Funded Grants

Researcher: Anna Marie Kenney, Ph.D.

Grantee: Vanderbilt University Medical Center, Nashville, TN, USA

Researcher: Anna Marie Kenney, Ph.D.
Co-Investigator: Zaher Nahle, Ph.D. Vanderbilt University Medical Center

Grant Title: Hedgehog and hippo signaling as drivers of medulloblastoma and cell division-associated metabolic choices

Grant Type: Research Award

Year: 2010

Program Area: Researching Brain Cancer

Amount: $450,000

Duration: 3 years

Hedgehog and hippo signaling as drivers of medulloblastoma and cell division-associated metabolic choices

Essay Neuro-developmental origins of pediatric brain cancer

During vertebrate development, precursor cells respond to extracellular signals promoting their proliferation or directing them to leave the cell cycle and differentiate. Direct and indirect interactions between mitogenic and maturation pathways influence central nervous system (CNS) precursor cell decisions to divide or commit to a terminal differentiation program [1, 2]. Alterations in the balance between pro-proliferative and pro-differentiation signals may set the stage for cancer, by establishing conditions conducive for cell transformation, or cause precocious cell cycle exit, leading to developmental disorders. Indeed, it is becoming increasingly evident that aberrant regulation of signaling pathways controlling normal development promotes cancer [3, 4]. Such dysregulation, resulting from mutations or altered activity of genes encoding signal transduction pathway components, can cause tumor cells-of-origin to increase proliferation, fail to exit the cell cycle, or fail to die in the event of genetic damage, thereby acquiring new mutations that may enhance their survival capacity.

The childhood brain tumor medulloblastoma is an example of a cancer resulting from developmental mis-cues for cell division, or failure to undergo growth arrest. This tumor, which is the most common pediatric malignancy and a leading cause of cancer deaths in children, arises in the cerebellum during post-natal development [5]. Current treatments for medulloblastoma, which include radiation, surgery, and chemotherapy, fail to distinguish between the tumor cells and the normal cells of the still-developing brain, leaving survivors with life-long devastating side-effects, including behavioral and cognitive disorders. Insufficient radiation or incomplete resection are associated with tumor recurrence and spread thoughout the cerebral spinal fluid to distal sites in the central nervous system. However, development of more optimal treatments has been hampered by a lack of understanding of the basic mechanisms contributing to medulloblastoma cell-of-origin transformation, tumor expansion, and recurrence/spread. The overall goals of my research program are (a) to characterize how mitogenic/oncogenic signaling pathways cooperate at the cell biological and molecular genetic level to promote medulloblastoma formation and growth; (b) use primary cultures, brain slice explants, and genetically engineered mice to validate such nodes of cooperativity as potential targets for new medulloblastoma therapies; (c) to apply the insights gained from my basic research to the clinic, in collaborative translational research.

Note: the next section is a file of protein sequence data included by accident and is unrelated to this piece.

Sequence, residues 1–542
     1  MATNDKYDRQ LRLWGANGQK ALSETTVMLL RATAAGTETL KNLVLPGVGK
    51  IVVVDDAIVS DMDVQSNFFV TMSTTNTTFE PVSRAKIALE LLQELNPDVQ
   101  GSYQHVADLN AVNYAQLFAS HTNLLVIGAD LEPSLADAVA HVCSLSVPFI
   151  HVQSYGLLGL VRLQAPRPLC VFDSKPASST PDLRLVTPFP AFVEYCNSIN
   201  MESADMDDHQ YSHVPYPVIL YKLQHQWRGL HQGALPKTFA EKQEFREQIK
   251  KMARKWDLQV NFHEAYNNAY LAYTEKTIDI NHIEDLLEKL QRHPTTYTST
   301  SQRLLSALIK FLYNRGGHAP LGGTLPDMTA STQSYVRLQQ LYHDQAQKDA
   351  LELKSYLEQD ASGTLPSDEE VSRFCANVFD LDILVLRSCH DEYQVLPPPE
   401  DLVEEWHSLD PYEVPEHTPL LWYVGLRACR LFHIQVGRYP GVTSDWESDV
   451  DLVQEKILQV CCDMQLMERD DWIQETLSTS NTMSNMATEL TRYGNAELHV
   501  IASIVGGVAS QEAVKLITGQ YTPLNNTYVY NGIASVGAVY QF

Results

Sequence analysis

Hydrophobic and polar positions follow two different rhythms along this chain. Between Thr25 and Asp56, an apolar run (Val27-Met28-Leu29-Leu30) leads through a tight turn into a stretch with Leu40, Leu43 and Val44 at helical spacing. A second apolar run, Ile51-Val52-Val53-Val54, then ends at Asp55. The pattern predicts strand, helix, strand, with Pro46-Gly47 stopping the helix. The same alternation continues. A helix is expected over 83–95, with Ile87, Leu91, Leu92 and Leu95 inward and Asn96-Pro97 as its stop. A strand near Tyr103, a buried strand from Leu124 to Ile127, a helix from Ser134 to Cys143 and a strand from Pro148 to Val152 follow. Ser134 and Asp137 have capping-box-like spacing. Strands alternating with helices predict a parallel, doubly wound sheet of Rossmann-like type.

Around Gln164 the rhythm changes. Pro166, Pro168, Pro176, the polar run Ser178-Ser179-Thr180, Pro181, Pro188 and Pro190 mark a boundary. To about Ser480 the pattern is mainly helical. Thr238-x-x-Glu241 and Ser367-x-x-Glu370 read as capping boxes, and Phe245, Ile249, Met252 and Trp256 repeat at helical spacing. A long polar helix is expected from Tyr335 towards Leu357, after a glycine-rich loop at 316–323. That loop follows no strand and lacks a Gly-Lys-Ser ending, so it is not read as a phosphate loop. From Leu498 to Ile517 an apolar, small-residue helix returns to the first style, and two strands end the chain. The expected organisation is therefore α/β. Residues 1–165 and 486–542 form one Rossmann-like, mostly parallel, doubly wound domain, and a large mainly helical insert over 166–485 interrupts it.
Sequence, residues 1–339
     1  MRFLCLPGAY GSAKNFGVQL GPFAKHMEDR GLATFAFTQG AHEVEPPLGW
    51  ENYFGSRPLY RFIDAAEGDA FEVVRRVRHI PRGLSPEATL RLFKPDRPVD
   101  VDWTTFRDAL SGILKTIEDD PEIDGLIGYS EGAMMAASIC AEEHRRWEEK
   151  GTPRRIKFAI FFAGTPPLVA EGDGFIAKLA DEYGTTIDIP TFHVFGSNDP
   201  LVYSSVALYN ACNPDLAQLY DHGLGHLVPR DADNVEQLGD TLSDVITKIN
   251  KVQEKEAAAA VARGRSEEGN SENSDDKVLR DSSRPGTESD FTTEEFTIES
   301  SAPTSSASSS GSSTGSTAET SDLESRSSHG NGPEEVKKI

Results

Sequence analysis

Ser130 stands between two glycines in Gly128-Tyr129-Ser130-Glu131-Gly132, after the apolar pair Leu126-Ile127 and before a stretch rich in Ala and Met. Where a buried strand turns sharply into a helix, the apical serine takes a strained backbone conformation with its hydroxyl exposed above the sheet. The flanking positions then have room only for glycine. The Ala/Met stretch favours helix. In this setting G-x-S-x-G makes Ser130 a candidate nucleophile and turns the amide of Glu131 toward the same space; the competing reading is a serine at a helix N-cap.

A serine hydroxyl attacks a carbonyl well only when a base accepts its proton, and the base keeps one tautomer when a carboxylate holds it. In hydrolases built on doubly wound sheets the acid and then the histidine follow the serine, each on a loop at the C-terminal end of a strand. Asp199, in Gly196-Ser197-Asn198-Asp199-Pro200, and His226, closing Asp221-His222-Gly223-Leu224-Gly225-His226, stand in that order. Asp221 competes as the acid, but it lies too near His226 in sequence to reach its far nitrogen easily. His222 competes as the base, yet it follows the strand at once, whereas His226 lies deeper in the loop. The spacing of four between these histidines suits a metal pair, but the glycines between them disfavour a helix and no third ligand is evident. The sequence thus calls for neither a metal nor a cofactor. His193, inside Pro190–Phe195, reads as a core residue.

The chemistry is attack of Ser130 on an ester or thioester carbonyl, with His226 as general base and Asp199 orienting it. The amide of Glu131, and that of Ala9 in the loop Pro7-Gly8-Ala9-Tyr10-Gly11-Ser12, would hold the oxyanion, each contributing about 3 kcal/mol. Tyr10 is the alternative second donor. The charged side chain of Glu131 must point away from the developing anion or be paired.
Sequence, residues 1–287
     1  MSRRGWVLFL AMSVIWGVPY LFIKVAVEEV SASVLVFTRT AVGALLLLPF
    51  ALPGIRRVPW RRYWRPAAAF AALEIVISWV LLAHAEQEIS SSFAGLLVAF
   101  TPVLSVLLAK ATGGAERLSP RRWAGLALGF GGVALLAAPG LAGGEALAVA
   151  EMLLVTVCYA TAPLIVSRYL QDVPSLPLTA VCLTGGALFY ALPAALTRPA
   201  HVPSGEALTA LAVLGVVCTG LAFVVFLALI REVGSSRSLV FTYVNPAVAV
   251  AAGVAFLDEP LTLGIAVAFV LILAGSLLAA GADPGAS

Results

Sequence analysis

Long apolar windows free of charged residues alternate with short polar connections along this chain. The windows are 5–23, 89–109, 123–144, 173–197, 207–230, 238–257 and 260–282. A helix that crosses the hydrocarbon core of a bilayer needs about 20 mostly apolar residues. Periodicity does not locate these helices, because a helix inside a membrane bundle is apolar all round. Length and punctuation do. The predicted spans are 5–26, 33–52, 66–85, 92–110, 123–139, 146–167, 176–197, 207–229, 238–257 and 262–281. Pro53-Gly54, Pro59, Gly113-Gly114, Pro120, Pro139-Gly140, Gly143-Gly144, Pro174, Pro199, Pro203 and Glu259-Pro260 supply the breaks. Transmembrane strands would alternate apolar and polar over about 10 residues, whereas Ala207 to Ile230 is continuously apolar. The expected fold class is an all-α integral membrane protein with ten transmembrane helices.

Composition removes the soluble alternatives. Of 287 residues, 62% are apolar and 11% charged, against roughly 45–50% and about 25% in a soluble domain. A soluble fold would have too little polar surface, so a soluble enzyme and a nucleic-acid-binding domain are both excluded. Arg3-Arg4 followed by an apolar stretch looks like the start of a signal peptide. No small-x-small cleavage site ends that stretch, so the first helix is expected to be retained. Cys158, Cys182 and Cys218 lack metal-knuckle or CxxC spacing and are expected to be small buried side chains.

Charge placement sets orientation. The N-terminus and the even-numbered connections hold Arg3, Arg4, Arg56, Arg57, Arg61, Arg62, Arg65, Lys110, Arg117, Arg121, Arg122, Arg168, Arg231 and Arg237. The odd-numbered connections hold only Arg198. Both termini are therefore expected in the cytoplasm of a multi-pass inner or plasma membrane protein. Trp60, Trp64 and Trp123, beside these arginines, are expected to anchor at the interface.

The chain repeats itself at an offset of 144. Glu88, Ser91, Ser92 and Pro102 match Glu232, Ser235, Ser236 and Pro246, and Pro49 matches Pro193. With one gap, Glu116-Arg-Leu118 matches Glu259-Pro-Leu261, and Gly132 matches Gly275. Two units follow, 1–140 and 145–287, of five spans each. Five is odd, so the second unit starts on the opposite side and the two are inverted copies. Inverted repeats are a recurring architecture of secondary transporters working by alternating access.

The cerebellum regulates movement and posture. Cerebellar granule neuron precursors (CGNPs) proliferate rapidly during a post-natal expansion phase, before terminally differentiating into glutamatergic interneurons [6]. CGNPs are proposed cells-of-origin for certain classes of medulloblastoma [7, 8], particularly those associated with aberrant activation of the pathway stimulated by the secreted morphogen Sonic Hedgehog (Shh) [9]. Such tumors comprise approximately 30% of medulloblastoma cases, as determined by gene expression profiling. An increased understanding of how Shh signaling triggers neural precursor cell cycle progression, by interacting with pathways that regulate cell size, new protein synthesis, and metabolic control, will lead to identification of new medulloblastoma therapy targets as well as improve our understanding of basic brain developmental biology and how its dys-regulation prompts tumor formation.

In the event of an incomplete resection or an effort to reduce radiation doses to spare side effects such as intellectual impairment, tumors recur and metastasize as a result of activation of so-called "tumor re-initiating cells". These cells are known to reside adjacent to blood vessels in tumors, a region known as the "peri-vascular niche (PVN). Signaling in this region is proposed to generate a unique microenvironment that supports quiescence of these cells until they are stimulated to divide and re-grow the tumor. This unique microenvironment involves signaling by Shh and our preliminary studies also show that there are tumor-specific metabolic choices taken by these cells, which could be exploited in therapies aimed at eradicating these cells and enabling reduced radiation levels during medulloblastoma treatment.